Wednesday, April 28, 2010

From Cowell

Hi Everyone,
We are meandering our way through S.A.
We spent a couple of days in Wallaroo where Rex learnt how to catch crabs and cook them from some helpful fisherman on the pier. We also visited a historic copper mine in Moonta where I collected a pocketful of copper rocks.
While travelling on to Mt Remarkable National Park we stopped at Telowie Gorge and walked it with a lot of other people; it seemed busier than Bourke St and then on to Port Germein which boasts the longest wooden pier in the southern hemisphere. We walked it. The whole mile of it, and back. There is something about piers that makes people want to walk to the end. Finally we arrived at the campsite at Mt Remarkable and set up camp. This is a luxury national park with hot showers. The following day we decided to walk part of the Aligator Gorge walk in search of the rare and endangered Yellow Footed Rock Wallaby. We walked to Hidden Camp about 7 kms in with only a few emus making their presence known where we had lunch before the return trek. The high red rocky cliffs were magnificent. On the return trip when we had given up all hope I glanced up and there watching us was the sought after wallaby. See photo. We felt very fortunate to be in the right place at the right time.
Today we travelled on to Cowell. A small town on the Eyre Peninsula which is famous for Australian Jade. I broke the budget and bought myself some. Tomorrow we head for Port Lincoln.
Catch up with you all soon
Rex and Rob

Saturday, April 24, 2010

From Wild and Wooley Wallaroo

Hello to Family and Friends.
From Mt Gambier we had a short trip to Beachport: a nice little town with a row of shops, a servo, and a long pier with all the unloading gear for the cray fishing fleet. We camped at the Conservation Park about 6 kms out of town in a nice area of green seaside scrub, opposite a big salt lake called George - a playground for sand drivers. We visited the local Natural Trust Museum which held some interesting collections including guns, fossils, machinery, butterflies and a weaving loom. Had pie and coffee on the grass and fished off the pier - no fish. We did all the local walks seeing wild beaches, eroded cliffs and watched surf that crashed great sprays over the rocks. Night excitment was we had a critter in bed with us during the night; don't know how it got in, searched and couldn't find it in the morning so it must have got out the same way. We opened the bottle of champagne supplied by my brother Kim and toasted his birthday the next night and slept soundly.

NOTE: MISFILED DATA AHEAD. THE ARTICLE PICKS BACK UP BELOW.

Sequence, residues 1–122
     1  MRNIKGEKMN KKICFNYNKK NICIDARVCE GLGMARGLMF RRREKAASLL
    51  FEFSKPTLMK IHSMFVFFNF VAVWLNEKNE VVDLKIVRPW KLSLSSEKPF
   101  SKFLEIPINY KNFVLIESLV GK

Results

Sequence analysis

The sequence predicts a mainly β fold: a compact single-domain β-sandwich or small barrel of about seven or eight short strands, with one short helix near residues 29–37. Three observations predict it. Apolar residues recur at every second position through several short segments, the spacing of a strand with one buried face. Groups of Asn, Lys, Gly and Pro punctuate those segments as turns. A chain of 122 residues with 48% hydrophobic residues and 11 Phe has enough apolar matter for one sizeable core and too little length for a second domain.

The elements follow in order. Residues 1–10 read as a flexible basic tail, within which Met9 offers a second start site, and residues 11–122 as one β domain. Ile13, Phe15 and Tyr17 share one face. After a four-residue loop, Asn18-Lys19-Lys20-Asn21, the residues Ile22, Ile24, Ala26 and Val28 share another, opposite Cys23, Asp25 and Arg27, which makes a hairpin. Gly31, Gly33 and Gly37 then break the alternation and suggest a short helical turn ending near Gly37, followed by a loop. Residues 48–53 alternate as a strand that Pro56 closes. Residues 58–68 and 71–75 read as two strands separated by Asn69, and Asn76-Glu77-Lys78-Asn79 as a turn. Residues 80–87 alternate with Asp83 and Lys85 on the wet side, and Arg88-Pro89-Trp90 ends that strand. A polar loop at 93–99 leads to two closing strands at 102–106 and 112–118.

We arrived in Robe and settled into a caravan park with great views of the sea. It was called Sea Vue - funny about that. This is where Rex got a balance problem; like being drunk without having the good time. The local doctor gave him some tablets that helped. While waiting at the doctors we noticed some knitting for the needy to be done by anyone waiting. What a great idea. Makes waiting time go much quicker. We fed the fish off the jetty bought fish and chips for tea, walked around the area seeing old gaols, blowholes in eroding cliffs, historic buildings and the Marina with cool boats. We got some wild weather while here, thunder, lightning and heavy rain. Glad to stay an extra day.
The Coroong was sadly closed due to vermin control so we travelled on to Mannum on the Murray. This place was recommended by the magazine 'On the Road' and it is free. We got a nice spot on the river, put in the shrimp net and got heaps of bait but you guessed it - no fish. The flies were terrible, so was the loud music which continued well into the night. We stayed only one night. Next morning we caught the ferry over the river and onto Innes National Park.